In part, blame falls on the incredible debt lawyers incur in law school. The state has taken the position lawyers will make a lot of money so they can afford to pay astronomical fees for an education. The higher tuition fees for graduate level work are used to support the college system and undergraduates. At least one public law school, the University of California, Hastings College of the Law in San Francisco comes to mind, I believe receives no state funding at all.

It is a public school privately funded by students.

The result has been a steady dropping of California law school reputations compared to national peers.

It also means attorneys need to find high paying jobs to pay off their high debt, which means legal services for the poor or in rural areas is dropping. Frankly, most middle class people cannot afford a lawyer. Legal disputes are often for the rich and corporations.

There have also been media reports of the glut of graduates unable to get a job, suing law schools for fraudulently representing how many graduates get jobs in the legal field.

This recent ad was posted by a Sacramento law firm, willing to pay someone with a law degree and 2 years legal experience, a whopping $10 per hour, but for no more than 30 hours per week in an obvious ploy to avoid paying health benefits:

“Litigation firm looking to hire a recent law graduate or first/second year associate interested in immediate case responsibility and litigation experience.

Initial position is part-time, 20-30 hours, with potential for full-time/associate position. Specifics to be discussed during interview.

Responsibilities to include:
Case Management;
Document Preparation and Review; and,
Legal Research and Writing;

For consideration, submit a detailed, yet concise resume (1 page) highlighting relevant experience. Include a cover letter or short writing sample.

Interviews to commence week of June 3rd.

Location: Roseville / Rocklin
Compensation: $10 / hour”

I would say this is a firm to avoid.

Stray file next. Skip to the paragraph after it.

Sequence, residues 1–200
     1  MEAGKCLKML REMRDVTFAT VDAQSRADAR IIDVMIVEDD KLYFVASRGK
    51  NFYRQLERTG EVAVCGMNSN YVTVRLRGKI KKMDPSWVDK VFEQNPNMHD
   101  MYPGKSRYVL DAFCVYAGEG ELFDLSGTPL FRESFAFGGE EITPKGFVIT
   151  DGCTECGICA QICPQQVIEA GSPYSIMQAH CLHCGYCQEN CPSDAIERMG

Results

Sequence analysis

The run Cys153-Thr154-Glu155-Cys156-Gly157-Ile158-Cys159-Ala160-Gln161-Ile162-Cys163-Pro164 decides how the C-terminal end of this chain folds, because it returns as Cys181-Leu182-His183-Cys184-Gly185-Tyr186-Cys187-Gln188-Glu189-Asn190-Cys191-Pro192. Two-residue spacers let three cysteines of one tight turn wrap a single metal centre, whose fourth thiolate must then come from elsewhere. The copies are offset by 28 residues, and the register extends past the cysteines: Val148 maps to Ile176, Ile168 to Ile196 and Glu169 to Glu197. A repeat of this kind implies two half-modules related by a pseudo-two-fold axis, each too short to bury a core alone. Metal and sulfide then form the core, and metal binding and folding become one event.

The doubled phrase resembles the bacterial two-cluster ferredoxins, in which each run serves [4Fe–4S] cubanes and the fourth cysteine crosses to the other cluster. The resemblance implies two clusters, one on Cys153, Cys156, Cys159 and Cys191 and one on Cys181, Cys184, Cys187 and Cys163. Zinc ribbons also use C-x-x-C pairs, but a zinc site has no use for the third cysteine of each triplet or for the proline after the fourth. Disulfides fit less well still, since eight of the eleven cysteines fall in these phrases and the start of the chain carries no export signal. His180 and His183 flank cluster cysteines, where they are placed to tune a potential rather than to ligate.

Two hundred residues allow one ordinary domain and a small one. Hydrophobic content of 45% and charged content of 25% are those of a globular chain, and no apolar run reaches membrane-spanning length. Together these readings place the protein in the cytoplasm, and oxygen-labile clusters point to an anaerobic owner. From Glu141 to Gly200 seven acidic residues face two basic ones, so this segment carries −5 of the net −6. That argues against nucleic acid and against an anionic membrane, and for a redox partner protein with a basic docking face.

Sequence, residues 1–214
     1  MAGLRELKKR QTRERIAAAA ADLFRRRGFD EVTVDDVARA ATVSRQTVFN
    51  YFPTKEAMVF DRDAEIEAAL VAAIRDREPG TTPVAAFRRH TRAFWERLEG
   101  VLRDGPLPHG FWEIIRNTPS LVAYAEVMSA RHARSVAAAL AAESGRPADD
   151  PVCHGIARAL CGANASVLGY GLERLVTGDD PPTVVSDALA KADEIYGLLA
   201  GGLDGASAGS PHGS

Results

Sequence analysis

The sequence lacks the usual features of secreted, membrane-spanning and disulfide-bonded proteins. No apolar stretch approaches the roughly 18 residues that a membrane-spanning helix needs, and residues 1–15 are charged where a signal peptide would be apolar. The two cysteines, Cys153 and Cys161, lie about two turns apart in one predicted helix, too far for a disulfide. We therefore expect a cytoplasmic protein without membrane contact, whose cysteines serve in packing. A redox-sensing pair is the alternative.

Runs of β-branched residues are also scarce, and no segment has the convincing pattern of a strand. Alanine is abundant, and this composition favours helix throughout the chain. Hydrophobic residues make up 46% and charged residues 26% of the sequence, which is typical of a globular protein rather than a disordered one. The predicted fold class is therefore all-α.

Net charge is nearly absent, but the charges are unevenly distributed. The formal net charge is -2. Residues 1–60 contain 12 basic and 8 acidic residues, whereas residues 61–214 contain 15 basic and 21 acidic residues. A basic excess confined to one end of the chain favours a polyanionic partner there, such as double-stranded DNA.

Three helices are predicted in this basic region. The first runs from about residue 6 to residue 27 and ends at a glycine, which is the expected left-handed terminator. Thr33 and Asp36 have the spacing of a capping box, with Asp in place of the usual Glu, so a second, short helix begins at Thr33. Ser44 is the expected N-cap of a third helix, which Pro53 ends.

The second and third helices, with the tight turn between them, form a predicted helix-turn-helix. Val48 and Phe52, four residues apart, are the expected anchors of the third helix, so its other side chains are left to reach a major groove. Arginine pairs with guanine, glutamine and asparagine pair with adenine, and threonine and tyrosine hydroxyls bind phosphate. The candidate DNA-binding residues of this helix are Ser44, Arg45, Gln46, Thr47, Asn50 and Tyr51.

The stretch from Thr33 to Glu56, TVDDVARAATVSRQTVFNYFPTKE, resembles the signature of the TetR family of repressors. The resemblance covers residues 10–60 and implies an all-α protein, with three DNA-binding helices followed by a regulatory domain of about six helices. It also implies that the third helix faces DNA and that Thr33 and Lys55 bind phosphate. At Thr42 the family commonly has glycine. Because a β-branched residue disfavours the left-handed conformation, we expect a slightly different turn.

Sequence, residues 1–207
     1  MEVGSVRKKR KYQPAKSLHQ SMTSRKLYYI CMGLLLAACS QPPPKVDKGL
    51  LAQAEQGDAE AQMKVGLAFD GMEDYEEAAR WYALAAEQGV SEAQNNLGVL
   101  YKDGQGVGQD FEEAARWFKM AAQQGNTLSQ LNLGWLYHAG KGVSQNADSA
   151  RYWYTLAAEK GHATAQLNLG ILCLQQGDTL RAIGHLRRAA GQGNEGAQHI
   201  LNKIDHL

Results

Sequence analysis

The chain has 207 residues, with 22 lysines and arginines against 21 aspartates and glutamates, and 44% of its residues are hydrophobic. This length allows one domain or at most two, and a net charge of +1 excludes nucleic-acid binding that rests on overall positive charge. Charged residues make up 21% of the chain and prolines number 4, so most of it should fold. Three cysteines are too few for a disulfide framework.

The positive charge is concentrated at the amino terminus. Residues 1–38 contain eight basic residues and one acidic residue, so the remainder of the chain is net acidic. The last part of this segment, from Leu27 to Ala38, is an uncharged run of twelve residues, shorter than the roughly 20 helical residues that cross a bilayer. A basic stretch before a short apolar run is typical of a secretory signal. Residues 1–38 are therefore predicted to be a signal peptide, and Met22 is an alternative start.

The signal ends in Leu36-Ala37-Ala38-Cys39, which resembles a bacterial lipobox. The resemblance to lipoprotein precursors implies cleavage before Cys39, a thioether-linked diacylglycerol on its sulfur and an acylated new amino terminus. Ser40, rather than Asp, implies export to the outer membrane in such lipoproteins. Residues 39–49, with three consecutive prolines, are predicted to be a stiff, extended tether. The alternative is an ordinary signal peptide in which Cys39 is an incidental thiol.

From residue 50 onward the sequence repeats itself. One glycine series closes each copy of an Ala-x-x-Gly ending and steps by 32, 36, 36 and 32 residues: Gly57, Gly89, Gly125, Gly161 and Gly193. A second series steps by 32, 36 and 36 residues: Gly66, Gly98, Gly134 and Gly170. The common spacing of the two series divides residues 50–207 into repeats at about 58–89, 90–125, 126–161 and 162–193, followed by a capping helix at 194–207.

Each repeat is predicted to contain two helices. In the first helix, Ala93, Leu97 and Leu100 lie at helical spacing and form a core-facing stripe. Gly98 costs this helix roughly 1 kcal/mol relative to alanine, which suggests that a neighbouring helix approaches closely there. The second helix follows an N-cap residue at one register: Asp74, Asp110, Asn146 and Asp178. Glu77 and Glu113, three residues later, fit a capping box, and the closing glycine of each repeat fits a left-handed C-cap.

Can you imagine going through 4 years of college (or more), plus 3 years of law school, racking up debt of over a hundred thousand dollars, to compete against those who already have legal experience for a job paying $10 per hour with no benefits.

Let’s see … $10 per hour times 30 hours per week is $300 per week max, or $15,000 per year. If you only get 20 hours per week it is $10,000 per year.


The minimum wage in California is 8 dollars per hour. Assume you are a high school graduate working fast food or retail which is $8 per hour and a full-schedule of 40 hours. That is $320 per week.

Yes, high school graduates with no experience make more than attorneys.

Patrick Soluri – An Attorney to Avoid

Patrick Soluri, an obscure attorney at a law firm called Soluri Meserve, wrote a letter today to the City of Sacramento claiming a public referendum will be sought if Sacramento tries to save the Sacramento Kings from moving to Seattle by building an arena.

The goal would not be to actually have a referendum, but to stall Sacramento’s efforts to help build an arena and have a plan in place for the NBA Board of Governors to consider when deciding whether the Sacramento Kings will stay in Sacramento or become the new Seattle SuperSonics.

Evidently, Patrick Soluri is not a sports fan.

As reported by the Sacramento Bee, Patrick Soluri wrote this letter without identifying any client. In a subsequent conversation with the Bee, Patrick Soluri was unable to identify any client he actually represents. The Bee article is here.

Aside from the fact Patrick Soluri is attempting to interfere with private agreements to build an arena and purchase the Sacramento Kings, he is attempting to interfere with the government process.

Mr. Soluri’s letter apparently claimed government partnership in a new arena would be an illegal “gift of public funds.” That is absurd. I have litigated a gift of public funds issue before, in another context, and it is simply a misplaced argument made by those grasping at straws without strong legal foundation. And, apparently, attorneys unable to identify if they have a client.

It could be that Patrick Soluri’s letter is a publicity stunt intended to attract someone who would serve as his client.

According to the California State Bar website, the attorney listing for Patrick Soluri (provided by Mr. Soluri) states his expertise is environmental law. That would not be government law. That is not sports law either. He letter apparently claims an arena would not be an economic catalyst. Apparently, Mr. Soluri is also an economist, a CPA, and somehow knows better than those who are actually working on the details of an arena plan yet to be publicly released.

This may come as a surprise to Patrick Soluri,but cities and public agencies have provided money, including what might be called subsidies, to sports arenas across the country for decades. Including in California.

Since Patrick Soluri is a little weak on clients and legal research, let us help him out. The “referendum” claim was made by someone trying to stop the San Francisco 49ers new stadium in Santa Clara and it was rejected by the courts.

But Mr. Solari knows this. Last year, sometime in 2012, The Santa Clara Weekly reported attorney Patrick Solari requested copies of documents from the case from the court

Cities, like Sacramento, commonly provide money for various events, including the arts (maybe Mr. Soluri is not a fan of the Crocker Art Museum either) and helping the homeless.